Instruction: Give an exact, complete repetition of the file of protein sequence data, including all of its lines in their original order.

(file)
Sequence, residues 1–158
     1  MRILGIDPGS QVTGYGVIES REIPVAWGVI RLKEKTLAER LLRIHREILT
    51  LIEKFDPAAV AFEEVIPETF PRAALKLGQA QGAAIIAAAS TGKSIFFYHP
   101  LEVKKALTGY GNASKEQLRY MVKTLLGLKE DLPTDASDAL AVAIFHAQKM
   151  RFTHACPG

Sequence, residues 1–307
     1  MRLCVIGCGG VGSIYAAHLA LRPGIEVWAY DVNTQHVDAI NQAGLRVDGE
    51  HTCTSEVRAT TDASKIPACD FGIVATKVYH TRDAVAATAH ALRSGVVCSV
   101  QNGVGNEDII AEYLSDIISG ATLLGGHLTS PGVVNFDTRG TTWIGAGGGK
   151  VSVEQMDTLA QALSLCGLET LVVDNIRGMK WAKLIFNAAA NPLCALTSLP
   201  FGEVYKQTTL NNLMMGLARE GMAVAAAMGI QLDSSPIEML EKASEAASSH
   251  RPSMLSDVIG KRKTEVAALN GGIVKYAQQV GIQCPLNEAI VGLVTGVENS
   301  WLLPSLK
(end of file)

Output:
Sequence, residues 1–158
     1  MRILGIDPGS QVTGYGVIES REIPVAWGVI RLKEKTLAER LLRIHREILT
    51  LIEKFDPAAV AFEEVIPETF PRAALKLGQA QGAAIIAAAS TGKSIFFYHP
   101  LEVKKALTGY GNASKEQLRY MVKTLLGLKE DLPTDASDAL AVAIFHAQKM
   151  RFTHACPG

Sequence, residues 1–307
     1  MRLCVIGCGG VGSIYAAHLA LRPGIEVWAY DVNTQHVDAI NQAGLRVDGE
    51  HTCTSEVRAT TDASKIPACD FGIVATKVYH TRDAVAATAH ALRSGVVCSV
   101  QNGVGNEDII AEYLSDIISG ATLLGGHLTS PGVVNFDTRG TTWIGAGGGK
   151  VSVEQMDTLA QALSLCGLET LVVDNIRGMK WAKLIFNAAA NPLCALTSLP
   201  FGEVYKQTTL NNLMMGLARE GMAVAAAMGI QLDSSPIEML EKASEAASSH
   251  RPSMLSDVIG KRKTEVAALN GGIVKYAQQV GIQCPLNEAI VGLVTGVENS
   301  WLLPSLK